An estimated 1.25 million people in the UK have an eating disorder, serious mental illnesses that are often poorly understood. They are not ‘diets gone wrong’, narcissistic, fads or phases, but illnesses that cause devastating consequences for those suffering and the people that care for them.
Anorexia nervosa has the highest mortality rate of any mental illness, and when eating disorders are not fatal, damage to organ systems, fertility issues, a higher risk of heart problems, type 2 diabetes and loss of bone density are just some of the severe long-term physical health consequences sufferers can be left with.
Despite the severity of these illnesses, those in need of treatment often don’t find it quickly enough, resulting in an average cycle of relapse and recovery lasting six years, causing unnecessary financial cost and emotional distress to sufferers and their families and placing avoidable additional cost on the public purse.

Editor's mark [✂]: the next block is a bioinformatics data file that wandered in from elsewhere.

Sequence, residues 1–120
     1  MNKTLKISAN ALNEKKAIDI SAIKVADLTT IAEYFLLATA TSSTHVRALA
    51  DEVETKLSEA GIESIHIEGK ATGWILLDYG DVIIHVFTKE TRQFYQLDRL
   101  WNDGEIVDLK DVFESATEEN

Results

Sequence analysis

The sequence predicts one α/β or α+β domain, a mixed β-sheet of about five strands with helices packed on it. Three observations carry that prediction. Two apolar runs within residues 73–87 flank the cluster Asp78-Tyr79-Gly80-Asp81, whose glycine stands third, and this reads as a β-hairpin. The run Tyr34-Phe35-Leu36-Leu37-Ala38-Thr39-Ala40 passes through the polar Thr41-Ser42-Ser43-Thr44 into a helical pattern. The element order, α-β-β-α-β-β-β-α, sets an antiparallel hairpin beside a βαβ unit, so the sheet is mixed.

Two large online surveys, a Freedom of Information request to inpatient units, and interrogation of NHS England spending data have been combined with in-depth qualitative interviews to present an assessment of the experiences of people suffering from an eating disorder, as well as their families, as they seek and receive NHS treatment in England. Separate papers will present the situation in the rest of the UK.
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Data was reanalysed for Northern Ireland, Scotland and Wales and presented in separate, shorter reports.